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How flexible working is taking over, and improving, the modern office

Change in government legislation, combined with advancements in office technology, has meant flexible working has become a common occurrence in some offices. As we continue to develop as a world there will have to be changes in the way we work and commute.

There will come a time when, in bustling commuter areas such as London and New York, there are too many people to get around. In order to combat this problem there are new ways of working which will allow flexibility. Flexible working – which includes remote working, condensed hours, telecommuting and flexitime –allows employees to achieve a greater work-life balance.

These changes should have no negative effect on their productivity, yet some employers are still reluctant to allow their employees to work outside the traditional 9-to-5 structure.

How important is flexible working to employees?

A global survey conducted by Vodafone in early 2016 (opens in new tab) revealed that 75 per cent of companies across 10 different countries have a flexible working policy in place. Of the employees who can work flexibly, 83 per cent reported an improvement in their workplace’s productivity as a direct result.

A significant 58 per cent of employees felt their organisation’s reputation had improved thanks to the policy, suggesting they see their employers in a much more favourable light. 55 per cent of employees who aren’t allowed to work flexibly state that they feel morale would improve with the practice in place.

So it’s fair to say that, to employees, flexible working has become an important perk. One that could lead to happier staff – and, perhaps, better staff retention.

Is not offering flexible working a disadvantage to a modern business

Concerns such as a reduction in work quality, a lack of trust between employers and their staff, and worries about tensions between flexible and non-flexible staff are just a handful of the reasons why some organisations are resistant to flexible working.

However, Jason Downes, Managing Director of conference call and web conferencing company Powwownow, feels that the positive aspects of flexible working far outweigh any drawbacks: “Remote working technology, including conference calling software, smart devices and cloud-based management systems, lets employees experience the structure and connectivity of the office environment, without actually requiring all employees to be within the same four walls of the office.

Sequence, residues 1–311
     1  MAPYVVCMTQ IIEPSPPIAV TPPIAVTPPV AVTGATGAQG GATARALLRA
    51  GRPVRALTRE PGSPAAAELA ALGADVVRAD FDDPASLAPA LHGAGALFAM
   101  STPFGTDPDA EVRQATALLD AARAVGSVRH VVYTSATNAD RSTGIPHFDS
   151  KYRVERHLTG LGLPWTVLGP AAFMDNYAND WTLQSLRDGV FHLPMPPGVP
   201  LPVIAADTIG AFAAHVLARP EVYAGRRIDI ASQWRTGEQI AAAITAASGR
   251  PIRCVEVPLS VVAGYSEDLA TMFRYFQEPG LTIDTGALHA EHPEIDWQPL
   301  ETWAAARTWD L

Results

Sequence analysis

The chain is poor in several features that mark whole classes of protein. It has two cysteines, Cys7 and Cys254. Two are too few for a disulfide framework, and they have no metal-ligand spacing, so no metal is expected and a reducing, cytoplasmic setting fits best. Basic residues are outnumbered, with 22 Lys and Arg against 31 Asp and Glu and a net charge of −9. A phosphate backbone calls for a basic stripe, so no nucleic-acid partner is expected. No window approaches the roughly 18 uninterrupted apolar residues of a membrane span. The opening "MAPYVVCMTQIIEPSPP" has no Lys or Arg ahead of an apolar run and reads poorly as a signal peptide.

“Offices – particularly open-plan offices – are full of distractions. Giving your employees the opportunity to get their work done in a distraction-free environment where they feel comfortable and relaxed isn’t just an easy perk, it’s a move that will improve performance and benefit the business.”

Is flexible working a ‘should’ or a ‘must’ in the modern workplace?

Any UK-based business with either full-time or part-time employees would be wise to implement a flexible working policy. Every non-agency employee who has worked for their company for more than 26 weeks is legally entitled to request flexible working changes to their contract, which can lead to difficult management decisions should the request come through when there isn’t a policy in place.

Jason Downes explains that flexible working can help a business to grow. “Employees clearly feel that flexible working increases morale,” he says. “Working for a boss who shows that they appreciate the fact that employees have a life outside of work is certain to boost positivity and increase employee retention.”

How easy is it to bring flexible working into your business?

Implementing a flexible working policy shouldn’t be difficult. The major investments should be within remote working, by providing staff with laptops enabled with software for conference calling and instant messaging to recreate the connectivity of the office environment. Smart phones are also a strong addition to the workforce’s equipment, though it’s reasonable to assume most employees will also have their own devices.

By making these initial investments, companies can save money in the long run on office fees and costs and are more likely to retain staff because of their study-proven popularity of the practice, which in-turn reduces the cost of hiring new employees.

Flexible working has arrived, and it appears to be here to stay. According to Downes, employers would be wise to clue up on the topic, and develop a policy that works for them. Perhaps before employees start looking elsewhere.

Jason Downes, Managing Director of Powwownow (opens in new tab)

Image source: Shutterstock/Undrey